While Downes had to deal with similar situations throughout his life and career, he said he eventually learned not to give into anger. “Anger doesn’t do anything. Anger only affects you, because the other person doesn’t know that you’re angry, you know? Don’t let [yourself] do this to yourself. I learned that lesson a long time ago,” he says.
Downes’ jazz career kicked off in the mid-50s, when he toured all over France and Spain with Bill Coleman, a world renowned jazz trumpeter. He would go on to work with other big jazz musicians like Buck Clayton, Annie Ross, Milt Jackson, Coleman Jackson and Lester Young, to name a few. He would eventually lead his own trios and quartets and release albums. In 1982, Downes won the Juno award for Best Jazz Album for his and Dave Young’s album, Au Privave.
Although music was always an important part of Downes’ life and career, it was never the only part.
On top of being a jazz pianist, Downes took breaks from piano to be a short-order chef, a chauffeur and a drapery installer. He finally turned to teaching in 1990. “I always did want to teach. I always did want to give back somehow, somewhere. And then, Concordia came calling.” Downes says he enjoys teaching and mentoring students, and is joyful in helping them find their own style and success.
Downes says he likes to reinforce to his students that, as a musician, it is always important to keep the audience in mind. “I say this to my students: you got to get out there and understand the people that you’re playing to. Because, no people in the club, and you’re out of work.” Downes says he learnt this lesson a long time ago, when he was told he couldn’t just play his bebop, because some want to hear the standards.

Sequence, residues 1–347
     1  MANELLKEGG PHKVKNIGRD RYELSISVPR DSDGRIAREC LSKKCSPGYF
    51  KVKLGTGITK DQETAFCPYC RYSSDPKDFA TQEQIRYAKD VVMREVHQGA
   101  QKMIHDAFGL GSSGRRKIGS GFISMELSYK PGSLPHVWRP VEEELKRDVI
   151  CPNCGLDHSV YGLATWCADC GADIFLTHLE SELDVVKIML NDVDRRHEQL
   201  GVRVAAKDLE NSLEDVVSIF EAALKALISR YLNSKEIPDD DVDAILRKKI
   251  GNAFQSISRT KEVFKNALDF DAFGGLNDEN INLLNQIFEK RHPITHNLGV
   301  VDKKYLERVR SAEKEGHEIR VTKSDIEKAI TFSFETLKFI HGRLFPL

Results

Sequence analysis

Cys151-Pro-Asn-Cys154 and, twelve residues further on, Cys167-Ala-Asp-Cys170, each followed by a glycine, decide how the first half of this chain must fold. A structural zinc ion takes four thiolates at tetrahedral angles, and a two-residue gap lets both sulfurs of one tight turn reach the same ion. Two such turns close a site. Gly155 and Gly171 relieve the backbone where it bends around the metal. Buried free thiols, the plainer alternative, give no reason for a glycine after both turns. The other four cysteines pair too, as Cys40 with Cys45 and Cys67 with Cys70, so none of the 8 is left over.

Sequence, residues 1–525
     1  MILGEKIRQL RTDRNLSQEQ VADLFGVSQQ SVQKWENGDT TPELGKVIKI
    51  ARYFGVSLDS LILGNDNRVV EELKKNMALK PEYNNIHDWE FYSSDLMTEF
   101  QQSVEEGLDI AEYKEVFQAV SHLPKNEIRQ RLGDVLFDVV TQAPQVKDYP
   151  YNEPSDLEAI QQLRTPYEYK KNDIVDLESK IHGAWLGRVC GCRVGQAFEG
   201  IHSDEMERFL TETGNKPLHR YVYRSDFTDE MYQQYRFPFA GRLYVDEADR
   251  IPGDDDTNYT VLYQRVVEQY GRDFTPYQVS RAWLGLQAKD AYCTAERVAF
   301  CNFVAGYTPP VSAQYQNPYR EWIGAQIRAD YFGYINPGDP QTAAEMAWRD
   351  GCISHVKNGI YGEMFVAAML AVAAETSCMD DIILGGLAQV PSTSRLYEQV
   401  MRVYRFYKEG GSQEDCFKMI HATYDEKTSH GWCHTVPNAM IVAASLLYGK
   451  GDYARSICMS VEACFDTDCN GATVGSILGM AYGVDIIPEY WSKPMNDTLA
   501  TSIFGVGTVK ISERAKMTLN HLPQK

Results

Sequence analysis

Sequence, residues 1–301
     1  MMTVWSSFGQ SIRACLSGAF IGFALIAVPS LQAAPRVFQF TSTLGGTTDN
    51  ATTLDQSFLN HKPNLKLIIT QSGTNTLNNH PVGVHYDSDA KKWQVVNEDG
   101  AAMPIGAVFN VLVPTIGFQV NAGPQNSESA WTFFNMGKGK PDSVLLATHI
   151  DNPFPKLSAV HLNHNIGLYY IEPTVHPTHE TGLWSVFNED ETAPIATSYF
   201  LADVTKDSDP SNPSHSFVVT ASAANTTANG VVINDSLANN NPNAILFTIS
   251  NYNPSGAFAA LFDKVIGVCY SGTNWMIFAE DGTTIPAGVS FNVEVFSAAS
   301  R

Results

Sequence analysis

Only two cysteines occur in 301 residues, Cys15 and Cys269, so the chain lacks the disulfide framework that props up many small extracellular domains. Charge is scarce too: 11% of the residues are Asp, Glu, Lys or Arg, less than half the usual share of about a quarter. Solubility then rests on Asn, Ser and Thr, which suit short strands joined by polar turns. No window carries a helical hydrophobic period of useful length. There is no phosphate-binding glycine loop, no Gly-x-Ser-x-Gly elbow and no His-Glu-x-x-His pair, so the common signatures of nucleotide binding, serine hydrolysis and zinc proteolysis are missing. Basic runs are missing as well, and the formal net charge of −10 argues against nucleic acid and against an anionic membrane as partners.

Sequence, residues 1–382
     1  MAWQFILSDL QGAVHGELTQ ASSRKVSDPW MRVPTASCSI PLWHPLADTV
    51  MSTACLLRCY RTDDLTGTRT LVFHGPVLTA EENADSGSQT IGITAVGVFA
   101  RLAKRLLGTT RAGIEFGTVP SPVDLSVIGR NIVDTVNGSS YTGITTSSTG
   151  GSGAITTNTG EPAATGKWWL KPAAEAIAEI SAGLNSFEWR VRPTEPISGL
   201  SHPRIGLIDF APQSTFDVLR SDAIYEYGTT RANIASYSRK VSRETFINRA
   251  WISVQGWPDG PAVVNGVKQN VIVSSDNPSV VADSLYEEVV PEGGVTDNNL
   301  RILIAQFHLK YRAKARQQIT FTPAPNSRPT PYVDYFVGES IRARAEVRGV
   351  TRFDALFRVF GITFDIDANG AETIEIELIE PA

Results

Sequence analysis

“You’re playing for those folks, because they’re the ones who put the money in your pocket and the bread and butter on your table. And, if you adhere to that, then success, hopefully, will come your way. But don’t look down on those people,” says Downes, his tone serious, and his respect for his audience apparent.
Downes is an extremely respected figure in the Canadian jazz scene. However, he is equally respected within academia. “Wray represents a vital link to the past,” says Joshua Ranger, an assistant professor in Concordia’s department of jazz studies. “It’s said that jazz music advances while standing on the shoulders of giants—and Wray is one of our giants.” He says that Downes teaches jazz in the way of Oscar Peterson and Phineas Newborn Jr.—two jazz moguls. “Sadly, Wray is one of the last such teachers, and the fact that he is still at it after so many years really is a testament to his energy and tenacity.”
These days, Downes contents himself with teaching, cooking, spending time with his wife and kids and playing piano when he wants to. “Been there, done that,” says Downes with a laugh about his jet-setting and musically-busy past.
As he gets up to leave, Downes zips up his winter coat and secures his cloth bucket hat back on his head. He tucks his book back under his arm before walking out the door to go house to play with his dog, play some piano or maybe cook.